VITA mission: Paolo Nespoli
All good things come in threes
ESA astronaut Paolo was born in Milan in northern Italy the same year that Sputnik marked the start of the space race.
On completing his education in aeronautics and astronautics, Paolo joined ESA’s European Astronaut Centre in Cologne, Germany, and contributed to creating the demanding training programmes.
As a man of action with an engineer’s mind, Paolo applied three times to join the astronaut corps. His stubbornness and preparation finally paid off: he became an ESA astronaut in 1998.
Paolo spent 174 days on the International Space Station on the Esperia and Magisstra missions, in 2007 and 2010.
His next mission, set for launch 28 July , Paolo will join – among others – his crewmate from the Esperia mission, NASA astronaut Peggy Whitson.
As part of the Expedition 52/53 crew, Paolo will work, live, eat and have fun with many experienced astronauts: Fyodor Yurchikhin, Jack Fischer, Randy Bresnik, Sergei Ryanzansky and Peggy Whitson.
Travelling first class
At 188 cm, Paolo is the tallest European astronaut and one of the tallest ever (the record belongs to NASA astronaut Jim Wetherbee, at 193 cm). Paolo’s first mission saw him take part in building the International Space Station by installing the Italian-built Harmony module (also known as Node-2). This utility hub added much-needed living and working space to the orbital outpost, a fitting task for one of the tallest astronauts.
Paolo will use every inch of space inside the Soyuz MS-05 spacecraft that will take him to Earth orbit and on to the Station.
The Soyuz MS is the latest upgrade to the venerable vehicle. It is currently the only way astronauts can travel to the outpost – the craft has been used for crewed missions longer than any other. When it was first launched in 1967, Paolo was only 10 years old.
Paolo will travel in the right-hand seat for his journey into space, the 134th flight for a Soyuz spacecraft.
After living and working on the Space Station for more than four months, Paolo will return to Earth in the same Soyuz, which will remain docked to the orbital complex throughout his mission to serve as a lifeboat.
When the time comes to leave, Paolo and crewmates will get a hard reminder of what gravity feels like, enduring five times their body weight during reentry.
Understanding Earth from above: science from space
Vita stands for Vitality, Innovation, Technology and Ability and was chosen by Italy’s ASI space agency, which is providing the mission through a barter agreement with NASA.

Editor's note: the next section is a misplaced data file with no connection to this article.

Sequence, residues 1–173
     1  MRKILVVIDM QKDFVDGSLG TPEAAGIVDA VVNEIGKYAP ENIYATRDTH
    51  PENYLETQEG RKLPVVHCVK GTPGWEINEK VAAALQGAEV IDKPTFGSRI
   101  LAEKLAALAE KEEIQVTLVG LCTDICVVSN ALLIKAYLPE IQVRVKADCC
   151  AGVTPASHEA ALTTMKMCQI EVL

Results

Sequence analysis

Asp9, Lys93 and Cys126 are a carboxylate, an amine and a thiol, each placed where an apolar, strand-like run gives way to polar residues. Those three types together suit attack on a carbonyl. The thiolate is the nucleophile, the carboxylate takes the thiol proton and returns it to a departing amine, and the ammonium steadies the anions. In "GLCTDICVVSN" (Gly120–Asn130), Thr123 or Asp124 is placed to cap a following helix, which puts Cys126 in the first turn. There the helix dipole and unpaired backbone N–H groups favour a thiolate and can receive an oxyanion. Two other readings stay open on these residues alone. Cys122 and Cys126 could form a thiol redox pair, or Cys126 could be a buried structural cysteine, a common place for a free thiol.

In Italian, “vita” means “life”, reflecting the experiments that Paolo will run and the philosophical notion of living in outer space – one of the most inhospitable places for humans.
The mission’s logo was developed by ESA together with ASI and Paolo. Three elements stand out: a strand of DNA as a symbol of life and science, a book as a symbol of culture and education, and Earth as a symbol of humanity.
Vita’s extensive scientific programme includes experiments in biology, human physiology as well as space environment monitoring, materials science and technology demonstrations.
All of the experiments make use of the out-of-this-world laboratory – (including the European Columbus Laboratory – to improve life on Earth or prepare for further human exploration of our Solar System.
When not performing science, Paolo will work with his colleagues to maintain the Space Station and keep the orbital outpost running smoothly for the crew of six.
Paolo’s unique home will allow him to inspire the next generation of engineers and scientists as he shares his journey with youngsters on Earth. He will encourage young generations to keep their brains active and follow a healthy lifestyle for two international challenges..
Paolo is supporting Mission-X: Train Like an Astronaut, an educational programme in which schoolchildren from more than 25 countries pursue science activities and learn how to get fit. He is also an ambassador for the European Astro Pi Challenge, a unique opportunity for European students to run their own code on Raspberry Pi mini computers installed in the Station.
Last update: 11 July 2017